(iii) A page which requires rebuilding server controls on each post back without checking the post back data.

It is best practice to turn ViewState off at the application level and then enable it as required at the page or even control level.

10. Caching

Probably the number one performance tip is to use caching. In order to store static data caching is ideal one. There are different types of caching: Page output caching, Page fragment caching data caching and we have to select the correct type as per requirement.
In almost all scenarios at least a part of a page can be cached.

11. Locking and Shared Resources

Acquire shared resources late and release them as early as possible.  Avoid locking unless absolutely necessary.  Do not set lock on the “this;” it is better to use a private object to lock on as follows:

public Class Test
{
private stativ readonly objLock=new Object();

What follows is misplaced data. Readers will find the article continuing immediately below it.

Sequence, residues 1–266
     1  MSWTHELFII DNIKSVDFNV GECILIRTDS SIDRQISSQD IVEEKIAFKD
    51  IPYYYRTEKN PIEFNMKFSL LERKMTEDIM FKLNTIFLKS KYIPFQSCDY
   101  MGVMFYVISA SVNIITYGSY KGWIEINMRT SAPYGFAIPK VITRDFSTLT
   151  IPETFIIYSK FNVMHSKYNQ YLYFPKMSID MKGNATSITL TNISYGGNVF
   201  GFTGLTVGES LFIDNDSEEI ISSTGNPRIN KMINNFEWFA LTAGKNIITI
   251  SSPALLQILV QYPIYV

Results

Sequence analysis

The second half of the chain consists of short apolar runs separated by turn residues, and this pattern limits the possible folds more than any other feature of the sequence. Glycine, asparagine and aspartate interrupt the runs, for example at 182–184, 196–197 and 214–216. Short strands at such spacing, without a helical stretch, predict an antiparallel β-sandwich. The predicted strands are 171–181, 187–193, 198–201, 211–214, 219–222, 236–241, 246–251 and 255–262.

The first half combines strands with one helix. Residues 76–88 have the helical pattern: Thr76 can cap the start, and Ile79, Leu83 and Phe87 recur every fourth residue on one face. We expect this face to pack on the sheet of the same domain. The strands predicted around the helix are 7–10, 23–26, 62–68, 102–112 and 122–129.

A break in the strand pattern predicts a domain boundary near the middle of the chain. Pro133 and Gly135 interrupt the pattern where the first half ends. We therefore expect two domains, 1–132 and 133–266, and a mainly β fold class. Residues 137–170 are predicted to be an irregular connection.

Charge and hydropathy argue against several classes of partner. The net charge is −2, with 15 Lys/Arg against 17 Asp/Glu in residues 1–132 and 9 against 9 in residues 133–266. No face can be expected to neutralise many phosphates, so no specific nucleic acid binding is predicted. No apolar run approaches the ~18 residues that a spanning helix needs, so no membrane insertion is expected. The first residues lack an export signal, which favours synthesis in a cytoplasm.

public static Test Singleton
{
lock(ObjLock)
{
return new test();
}
}

Continues…

ScriptManagerProxy Control – AJAX

When using Master pages, instead of using a separate ScriptManager control on every Content page, add a script manager to your Master page. Then, if there are separate usages on a particular Content page, you can use the ScriptManagerProxy control, which will inherit from the ScriptManager control on the Master Page, and set your needed, different properties on that control.

Change Master Page Depending on Browser

Did you know that, in your content pages, you can specify a certain masterpage, depending on the browser that’s hittin your page (at least IE and FireFox).

All you need to do is to add a section for each specific browser to your content page’s Page Directive:

ie:MasterPageFile="~/MyIE.master" mozilla:MasterPageFile="~/MyFireFox.master"

Javascript to alternate colours for table rows

<html>
<head>

<script language=”JavaScript” type=”text/JavaScript”>
function alternate(id){
 if(document.getElementsByTagName){ 
   var table = document.getElementById(id);  
   var rows = table.getElementsByTagName(“tr”);  
   for(i = 1; i < rows.length; i++){          
 //manipulate rows
     if(i % 2 == 0){
       rows[i].className = “even”;
     }else{
       rows[i].className = “odd”;
     }      
   }
 }
}
</script>
</head>

<body onload=”alternate(‘thetable’)”>
<table width=”100%” id=”thetable”>

<tr><td>first colour</td></tr>

<tr><td>second colour</td></tr>

<tr><td>first colour</td></tr>

<tr><td>second colour</td></tr>

</table>

</body>

</html>